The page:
At least one person died, dozens more were injured and more than 100 homes were destroyed in an unprecedented number of bushfires that continued to rage in eastern Australia on Saturday.
The body of a charred man was found in a car, said the New South Wales State Fire Department.
Overwhelmed firefighters acknowledged that they were struggling to cope with the most dangerous, eight in number, of the more than 100 outbreaks in rural Queensland (Northeast) and New South Wales (South East), from Brisbane to Sydney.
Tens were still out of control, despite the deployment of some 1,200 firefighters and 70 aircraft along a 1,000-kilometer stretch of land along the Pacific coast.
“For the moment, we are at least 100 homes destroyed yesterday in bushfires,” announced early Saturday morning the New South Wales fire services.
“There is no news of three people, more than 30 have been injured,” they added.
“We have never had so many fires at the same time and with such a high level of urgency,” Shane Fitzsimmons, head of these services, told ABC Public Television.
“We are in unknown territory,” he continued, recognizing that it was very difficult to cope with so many fires at a time.
Such fires occur every year on the huge island-continent during the spring and summer in Australia.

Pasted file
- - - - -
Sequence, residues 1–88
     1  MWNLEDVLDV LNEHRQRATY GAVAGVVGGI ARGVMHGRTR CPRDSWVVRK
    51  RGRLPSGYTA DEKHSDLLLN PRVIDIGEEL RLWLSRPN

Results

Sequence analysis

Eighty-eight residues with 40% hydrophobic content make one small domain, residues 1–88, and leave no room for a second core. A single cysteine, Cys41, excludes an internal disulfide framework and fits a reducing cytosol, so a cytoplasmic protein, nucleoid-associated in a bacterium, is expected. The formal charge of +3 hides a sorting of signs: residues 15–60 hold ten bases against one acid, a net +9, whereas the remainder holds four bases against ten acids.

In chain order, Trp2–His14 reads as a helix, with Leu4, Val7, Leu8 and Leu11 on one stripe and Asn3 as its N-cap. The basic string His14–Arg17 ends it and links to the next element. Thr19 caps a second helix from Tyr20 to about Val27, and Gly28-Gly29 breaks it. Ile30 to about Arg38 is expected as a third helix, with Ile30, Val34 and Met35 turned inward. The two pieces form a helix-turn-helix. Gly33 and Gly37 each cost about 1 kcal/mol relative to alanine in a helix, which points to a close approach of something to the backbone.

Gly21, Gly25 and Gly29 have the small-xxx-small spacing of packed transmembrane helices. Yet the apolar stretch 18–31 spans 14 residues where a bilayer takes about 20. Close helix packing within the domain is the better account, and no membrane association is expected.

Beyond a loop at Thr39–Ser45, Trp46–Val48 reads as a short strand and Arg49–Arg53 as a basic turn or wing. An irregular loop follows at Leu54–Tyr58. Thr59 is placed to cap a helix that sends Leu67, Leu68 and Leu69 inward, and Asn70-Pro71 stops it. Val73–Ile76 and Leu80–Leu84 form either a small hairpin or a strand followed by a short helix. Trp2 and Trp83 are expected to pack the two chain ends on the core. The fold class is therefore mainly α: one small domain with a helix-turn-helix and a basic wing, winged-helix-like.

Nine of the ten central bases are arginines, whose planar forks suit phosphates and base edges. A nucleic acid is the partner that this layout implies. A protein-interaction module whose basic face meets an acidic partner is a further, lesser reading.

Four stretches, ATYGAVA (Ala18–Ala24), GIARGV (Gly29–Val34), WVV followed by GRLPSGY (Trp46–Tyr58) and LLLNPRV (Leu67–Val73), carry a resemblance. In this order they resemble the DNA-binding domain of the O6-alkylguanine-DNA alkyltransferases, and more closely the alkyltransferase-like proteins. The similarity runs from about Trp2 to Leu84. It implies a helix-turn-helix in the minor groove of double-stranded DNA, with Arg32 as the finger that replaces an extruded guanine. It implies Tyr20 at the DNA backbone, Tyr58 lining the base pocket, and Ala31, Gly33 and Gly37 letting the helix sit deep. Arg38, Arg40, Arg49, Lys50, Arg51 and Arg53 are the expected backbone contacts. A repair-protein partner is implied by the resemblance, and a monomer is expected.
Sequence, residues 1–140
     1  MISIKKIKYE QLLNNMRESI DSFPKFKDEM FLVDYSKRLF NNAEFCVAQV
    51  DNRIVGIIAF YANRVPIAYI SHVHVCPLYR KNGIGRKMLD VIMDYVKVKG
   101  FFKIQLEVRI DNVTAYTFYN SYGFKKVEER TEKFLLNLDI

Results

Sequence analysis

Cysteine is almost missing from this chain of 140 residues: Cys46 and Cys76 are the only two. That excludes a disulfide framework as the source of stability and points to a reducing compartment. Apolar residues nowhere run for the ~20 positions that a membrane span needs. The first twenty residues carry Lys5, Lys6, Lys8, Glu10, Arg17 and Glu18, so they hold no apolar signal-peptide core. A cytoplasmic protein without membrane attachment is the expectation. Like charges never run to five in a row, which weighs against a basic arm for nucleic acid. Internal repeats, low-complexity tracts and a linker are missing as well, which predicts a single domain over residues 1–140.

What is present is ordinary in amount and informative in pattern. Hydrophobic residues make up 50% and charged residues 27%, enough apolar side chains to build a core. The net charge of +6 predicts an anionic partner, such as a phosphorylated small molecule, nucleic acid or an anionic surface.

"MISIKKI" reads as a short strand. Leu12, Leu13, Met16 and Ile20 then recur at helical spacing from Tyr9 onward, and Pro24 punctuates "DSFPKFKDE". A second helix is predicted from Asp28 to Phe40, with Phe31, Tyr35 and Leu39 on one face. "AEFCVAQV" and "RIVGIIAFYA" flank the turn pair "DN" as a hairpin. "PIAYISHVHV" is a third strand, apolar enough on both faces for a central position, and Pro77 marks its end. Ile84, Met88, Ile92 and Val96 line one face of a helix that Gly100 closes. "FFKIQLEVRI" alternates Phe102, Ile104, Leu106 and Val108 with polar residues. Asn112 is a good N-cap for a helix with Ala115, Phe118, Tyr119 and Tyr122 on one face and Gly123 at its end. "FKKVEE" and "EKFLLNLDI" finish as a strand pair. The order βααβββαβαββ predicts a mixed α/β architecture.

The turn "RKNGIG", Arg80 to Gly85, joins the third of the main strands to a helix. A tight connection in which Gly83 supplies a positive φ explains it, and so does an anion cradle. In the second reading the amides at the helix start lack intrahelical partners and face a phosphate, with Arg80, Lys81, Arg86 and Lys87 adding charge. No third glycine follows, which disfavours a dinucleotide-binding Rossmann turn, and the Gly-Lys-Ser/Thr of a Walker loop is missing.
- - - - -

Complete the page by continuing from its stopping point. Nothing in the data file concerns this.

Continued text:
But this year, they have been extremely numerous and early. The first occurred in September from northern New South Wales to tropical Queensland.
If this start of the season is dramatic, scientists are worried for the next few months.
Climate change and adverse weather patterns have resulted in exceptional drought, low humidity, and strong winds that contribute to bush fires.
So far, no deaths have been reported, even though people have been trapped in their homes.
– Difficult and dangerous day –
Friday was a difficult and dangerous day, unfortunately many people called for help, but in the face of the magnitude and speed of the fires, we could not reach everyone, even by the road or helicopter, “said New South Wales firefighters.
The state authorities pointed out that the fires had passed through the containment zones and part of the Pacific Highway linking Sydney to Brisbane was closed.
Along the Sunshine Coast in Queensland, the police ordered the total evacuation of Tewantin, a suburb of about 4,500 inhabitants, before reconsidering its decision.
In some areas, the population got stuck and was instructed to “look for shelter because it is too late to leave”.
Local radios have stopped their programs to explain how to survive a fire in the event of people being stranded in their homes or vehicles.
Along the coast north and south of Sydney, residents posted videos and photos on social networks showing a sky filled with orange smoke and multi-storey eucalyptus engulfed in flames .
This region is the natural habitat of koalas, which feed on eucalyptus leaves and hundreds of them may have died in the flames, say the authorities.
The strong winds and high temperatures currently prevailing in eastern Australia are expected to subside over the weekend and provide a respite from the fire front.
Australia announced this week the establishment of a financial aid program to combat the consequences of drought.
This phenomenon is a characteristic of Australia, but scientists consider that climate change aggravates this problem.